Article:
Throughout his career, Guercino favoured the media of pen and brown ink and wash above all others. As is apparent from the present drawing, this technique permitted a fluency of line and rapidity of execution that suited his creative process perfectly. Although apparently quite finished, this is still very much a working drawing in which the artist is developing his ideas, and we see an interesting pentimento in the right hand of the figure of Pittura, who sits looking towards Scultura, the latter holding a statuette in her right hand.
In fact, Guercino’s compositions always emerge from a complex and continuing process of development and refinement, in which the arrangement of his figures can change radically, even apparently very late in the day. In the case of this composition, the key difference between the drawing and the final painting lies in the subtle relationship between the two figures, which here seems more intimate and less official than is the case in the final canvas, where Pittura, on the left of the composition, appears seated at her easel holding a brush and a palette. In the painted version both allegorical figures seem to have equal status, and the intriguing dynamic created by the slight sense of humility of Pittura in the face of Scultura that can be detected in the drawing is no longer present. A sketchy drawing for the figure of Pictura, in the same pose as her painted counterpart, is in the Teylers Museum, Haarlem.3
The present sheet was purchased in Italy by John Bouverie (c.1722-50), whose collector’s mark is often associated with the best of Guercino’s drawings (for another drawing probably with the same provenance, see lot 70). An enthusiastic traveller, Bouverie died in Turkey in 1750, at the age of only 27, but during his short life he took full advantage of his travels to collect antiquities, paintings and most of all drawings. While making his Grand Tour, principally through Italy, at some point before 1742, Bouverie was able to acquire a large number of drawings, including an entire album of sheets by Guercino purchased from the 'Abbé Bonducci' in Florence, which came directly from the Gennari family, probably from Filippo Antonio Gennari.4 But given the large number of drawings by Guercino that were ultimately owned by Bouverie, he clearly also acquired more drawings by the artist when he was in Italy again in 1745-46, this time most probably from Francesco Forni. As Prisco Bagni pointed out, Francesco seems to have been the son of Antonio Forni, the leading dealer in Old Master drawings in Bologna.5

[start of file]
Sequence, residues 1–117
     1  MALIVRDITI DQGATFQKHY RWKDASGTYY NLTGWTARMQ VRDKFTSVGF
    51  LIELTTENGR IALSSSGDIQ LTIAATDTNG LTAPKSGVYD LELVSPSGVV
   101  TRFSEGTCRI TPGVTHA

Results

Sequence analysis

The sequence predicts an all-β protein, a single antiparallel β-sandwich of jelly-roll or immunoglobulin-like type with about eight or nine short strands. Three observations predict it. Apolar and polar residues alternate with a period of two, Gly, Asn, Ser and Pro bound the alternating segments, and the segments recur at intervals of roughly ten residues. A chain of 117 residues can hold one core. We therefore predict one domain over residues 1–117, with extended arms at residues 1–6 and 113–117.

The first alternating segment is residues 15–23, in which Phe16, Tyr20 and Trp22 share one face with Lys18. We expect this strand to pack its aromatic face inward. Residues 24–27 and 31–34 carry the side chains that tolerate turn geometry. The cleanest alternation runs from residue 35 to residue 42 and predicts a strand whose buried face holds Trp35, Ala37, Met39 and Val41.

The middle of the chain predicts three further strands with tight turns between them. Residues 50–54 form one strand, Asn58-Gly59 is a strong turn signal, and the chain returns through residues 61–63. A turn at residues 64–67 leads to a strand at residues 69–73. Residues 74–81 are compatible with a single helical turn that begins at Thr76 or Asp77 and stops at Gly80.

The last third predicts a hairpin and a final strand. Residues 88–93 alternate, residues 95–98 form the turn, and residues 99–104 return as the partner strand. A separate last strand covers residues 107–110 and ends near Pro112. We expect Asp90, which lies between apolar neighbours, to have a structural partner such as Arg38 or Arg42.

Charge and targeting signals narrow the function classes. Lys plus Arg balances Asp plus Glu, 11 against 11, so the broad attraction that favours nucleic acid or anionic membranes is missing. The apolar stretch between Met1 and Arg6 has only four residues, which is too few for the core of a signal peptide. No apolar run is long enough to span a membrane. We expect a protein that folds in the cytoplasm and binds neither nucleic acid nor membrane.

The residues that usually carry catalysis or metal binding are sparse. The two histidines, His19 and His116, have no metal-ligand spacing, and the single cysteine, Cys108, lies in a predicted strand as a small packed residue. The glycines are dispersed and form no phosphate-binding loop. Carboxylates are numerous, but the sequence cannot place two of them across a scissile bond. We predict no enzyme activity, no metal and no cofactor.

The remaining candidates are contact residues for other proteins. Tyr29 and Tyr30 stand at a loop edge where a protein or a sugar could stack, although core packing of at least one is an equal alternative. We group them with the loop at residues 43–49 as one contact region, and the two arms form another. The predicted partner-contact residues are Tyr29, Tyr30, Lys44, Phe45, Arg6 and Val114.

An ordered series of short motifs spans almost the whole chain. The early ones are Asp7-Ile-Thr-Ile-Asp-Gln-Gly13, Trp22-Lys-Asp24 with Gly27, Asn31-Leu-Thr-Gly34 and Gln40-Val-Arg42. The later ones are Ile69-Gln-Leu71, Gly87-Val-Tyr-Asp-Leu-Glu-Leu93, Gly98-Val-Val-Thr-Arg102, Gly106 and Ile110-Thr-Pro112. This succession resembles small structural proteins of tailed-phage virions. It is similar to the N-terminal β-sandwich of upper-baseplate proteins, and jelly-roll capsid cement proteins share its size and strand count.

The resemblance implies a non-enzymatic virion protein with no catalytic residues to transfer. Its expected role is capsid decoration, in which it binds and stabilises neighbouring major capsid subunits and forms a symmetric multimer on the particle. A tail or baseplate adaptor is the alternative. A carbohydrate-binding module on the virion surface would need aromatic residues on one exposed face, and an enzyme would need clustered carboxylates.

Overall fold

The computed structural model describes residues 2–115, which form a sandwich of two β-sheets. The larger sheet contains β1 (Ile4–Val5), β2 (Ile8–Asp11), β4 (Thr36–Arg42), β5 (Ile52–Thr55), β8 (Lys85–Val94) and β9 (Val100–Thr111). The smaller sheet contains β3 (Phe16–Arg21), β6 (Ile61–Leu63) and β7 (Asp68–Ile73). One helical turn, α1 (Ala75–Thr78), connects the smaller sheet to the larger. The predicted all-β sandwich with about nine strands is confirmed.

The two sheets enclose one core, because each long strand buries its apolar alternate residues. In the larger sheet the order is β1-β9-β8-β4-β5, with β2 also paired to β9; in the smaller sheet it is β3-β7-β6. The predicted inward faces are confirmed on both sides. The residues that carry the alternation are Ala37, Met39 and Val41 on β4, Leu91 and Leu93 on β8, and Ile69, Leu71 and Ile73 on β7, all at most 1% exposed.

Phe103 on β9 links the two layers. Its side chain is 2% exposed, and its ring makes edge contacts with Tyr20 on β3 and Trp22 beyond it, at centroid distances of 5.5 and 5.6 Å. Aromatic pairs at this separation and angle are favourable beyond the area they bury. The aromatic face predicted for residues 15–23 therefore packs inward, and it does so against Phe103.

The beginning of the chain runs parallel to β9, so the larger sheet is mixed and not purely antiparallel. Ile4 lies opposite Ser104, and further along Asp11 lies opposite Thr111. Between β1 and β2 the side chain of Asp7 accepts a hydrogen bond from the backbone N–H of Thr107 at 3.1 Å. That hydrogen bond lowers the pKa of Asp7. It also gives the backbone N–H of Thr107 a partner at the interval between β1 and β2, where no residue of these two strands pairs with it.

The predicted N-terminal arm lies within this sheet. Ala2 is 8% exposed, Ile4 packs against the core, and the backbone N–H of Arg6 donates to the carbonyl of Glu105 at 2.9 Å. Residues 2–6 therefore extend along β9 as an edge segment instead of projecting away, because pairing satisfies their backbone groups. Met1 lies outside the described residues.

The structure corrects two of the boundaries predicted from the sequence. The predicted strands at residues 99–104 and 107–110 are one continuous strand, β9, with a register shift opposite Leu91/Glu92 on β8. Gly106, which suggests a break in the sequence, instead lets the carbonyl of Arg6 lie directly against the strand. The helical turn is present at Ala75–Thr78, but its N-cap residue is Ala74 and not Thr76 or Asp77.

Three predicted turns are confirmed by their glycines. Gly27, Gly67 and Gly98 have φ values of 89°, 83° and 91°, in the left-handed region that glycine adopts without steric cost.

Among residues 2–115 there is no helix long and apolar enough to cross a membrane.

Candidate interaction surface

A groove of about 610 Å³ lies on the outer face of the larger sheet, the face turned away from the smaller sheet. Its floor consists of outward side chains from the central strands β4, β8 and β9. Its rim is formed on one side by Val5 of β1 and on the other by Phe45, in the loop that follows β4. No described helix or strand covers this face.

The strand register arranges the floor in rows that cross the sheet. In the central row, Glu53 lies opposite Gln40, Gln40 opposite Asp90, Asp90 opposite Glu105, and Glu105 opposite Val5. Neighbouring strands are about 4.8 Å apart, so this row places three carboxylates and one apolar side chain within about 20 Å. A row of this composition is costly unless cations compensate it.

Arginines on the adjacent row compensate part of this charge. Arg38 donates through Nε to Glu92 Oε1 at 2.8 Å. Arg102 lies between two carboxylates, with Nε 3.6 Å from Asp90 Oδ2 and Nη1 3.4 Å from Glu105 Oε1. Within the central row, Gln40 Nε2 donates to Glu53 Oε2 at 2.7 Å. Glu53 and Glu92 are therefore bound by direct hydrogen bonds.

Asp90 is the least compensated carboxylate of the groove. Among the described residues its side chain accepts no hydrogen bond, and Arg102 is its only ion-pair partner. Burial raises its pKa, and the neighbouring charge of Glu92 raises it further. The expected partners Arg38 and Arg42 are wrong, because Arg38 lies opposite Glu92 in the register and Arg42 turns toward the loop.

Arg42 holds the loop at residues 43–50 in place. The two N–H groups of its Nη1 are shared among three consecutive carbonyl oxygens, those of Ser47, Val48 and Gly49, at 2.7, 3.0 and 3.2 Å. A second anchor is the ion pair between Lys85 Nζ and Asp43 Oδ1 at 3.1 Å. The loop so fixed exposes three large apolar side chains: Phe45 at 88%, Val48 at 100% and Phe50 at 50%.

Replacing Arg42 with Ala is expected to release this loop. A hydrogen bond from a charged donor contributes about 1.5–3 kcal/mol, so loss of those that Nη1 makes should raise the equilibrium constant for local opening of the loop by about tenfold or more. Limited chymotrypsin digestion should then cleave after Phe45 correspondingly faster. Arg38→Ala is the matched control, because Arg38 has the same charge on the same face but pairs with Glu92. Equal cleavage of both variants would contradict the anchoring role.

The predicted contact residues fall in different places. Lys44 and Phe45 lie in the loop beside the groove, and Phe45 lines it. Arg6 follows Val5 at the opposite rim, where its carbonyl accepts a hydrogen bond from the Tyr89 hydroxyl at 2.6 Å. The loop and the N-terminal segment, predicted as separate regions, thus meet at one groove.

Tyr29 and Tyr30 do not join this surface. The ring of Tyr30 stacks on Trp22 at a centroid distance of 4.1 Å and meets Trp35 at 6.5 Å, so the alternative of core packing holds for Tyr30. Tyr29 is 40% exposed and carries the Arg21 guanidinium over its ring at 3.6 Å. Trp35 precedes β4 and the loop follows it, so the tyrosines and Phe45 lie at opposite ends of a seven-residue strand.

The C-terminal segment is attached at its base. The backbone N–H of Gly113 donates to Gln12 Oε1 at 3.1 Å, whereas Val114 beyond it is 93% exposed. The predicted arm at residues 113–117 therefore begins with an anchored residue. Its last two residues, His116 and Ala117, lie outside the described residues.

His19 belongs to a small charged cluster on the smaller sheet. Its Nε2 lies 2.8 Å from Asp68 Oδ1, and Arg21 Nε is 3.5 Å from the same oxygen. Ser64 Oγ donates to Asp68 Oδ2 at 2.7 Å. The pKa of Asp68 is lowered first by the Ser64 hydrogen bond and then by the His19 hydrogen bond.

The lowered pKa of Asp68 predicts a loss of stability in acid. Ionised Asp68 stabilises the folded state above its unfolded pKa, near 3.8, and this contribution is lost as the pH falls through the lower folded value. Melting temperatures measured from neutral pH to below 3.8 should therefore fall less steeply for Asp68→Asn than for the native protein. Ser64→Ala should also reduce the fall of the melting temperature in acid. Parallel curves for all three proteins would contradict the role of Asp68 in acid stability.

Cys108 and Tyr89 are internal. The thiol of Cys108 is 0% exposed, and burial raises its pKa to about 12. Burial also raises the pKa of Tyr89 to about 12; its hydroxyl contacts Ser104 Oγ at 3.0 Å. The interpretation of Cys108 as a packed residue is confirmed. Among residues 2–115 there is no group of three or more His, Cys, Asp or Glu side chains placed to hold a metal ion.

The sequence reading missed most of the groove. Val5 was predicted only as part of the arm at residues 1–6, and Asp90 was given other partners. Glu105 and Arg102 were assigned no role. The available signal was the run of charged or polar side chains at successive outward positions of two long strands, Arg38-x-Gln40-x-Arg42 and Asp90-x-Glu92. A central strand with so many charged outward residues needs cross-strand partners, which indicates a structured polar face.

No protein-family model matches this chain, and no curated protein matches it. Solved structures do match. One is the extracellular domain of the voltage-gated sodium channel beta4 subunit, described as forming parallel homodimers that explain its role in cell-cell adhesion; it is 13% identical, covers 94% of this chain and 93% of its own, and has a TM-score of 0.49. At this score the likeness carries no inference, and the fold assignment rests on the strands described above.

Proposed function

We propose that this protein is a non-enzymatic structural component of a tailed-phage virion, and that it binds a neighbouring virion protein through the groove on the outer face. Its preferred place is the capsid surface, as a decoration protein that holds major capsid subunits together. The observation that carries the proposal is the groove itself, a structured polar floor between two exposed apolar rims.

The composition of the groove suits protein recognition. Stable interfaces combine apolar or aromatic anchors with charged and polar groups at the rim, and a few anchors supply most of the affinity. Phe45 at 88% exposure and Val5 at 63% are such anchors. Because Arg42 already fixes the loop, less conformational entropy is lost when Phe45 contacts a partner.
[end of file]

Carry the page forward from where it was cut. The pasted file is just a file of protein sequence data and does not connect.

1. Rome, Galleria Nazionale d'Arte Antica, Palazzo Barberini, inv. no. 0813
2. B. Ghelfi, Il Libro dei conti del Guercino, 1629-1666, Venice 1997, pp. 91-92, note 171
3. C. van Tuyll van Serooskerken, Guercino (1591-1666), Drawings from Dutch Collections, exhib. cat., Haarlem, Teylers Museum, 1991, p. 106, no. 39, reproduced
4. N. Turner and C. Plazzotta, Drawings by Guercino from British Collections, exhib. cat., London, British Museum, 1991, p. 22
5. P. Bagni, Il Guercino e il suo falsario, I Disegni di Figura, Bologna 1990, p. 12
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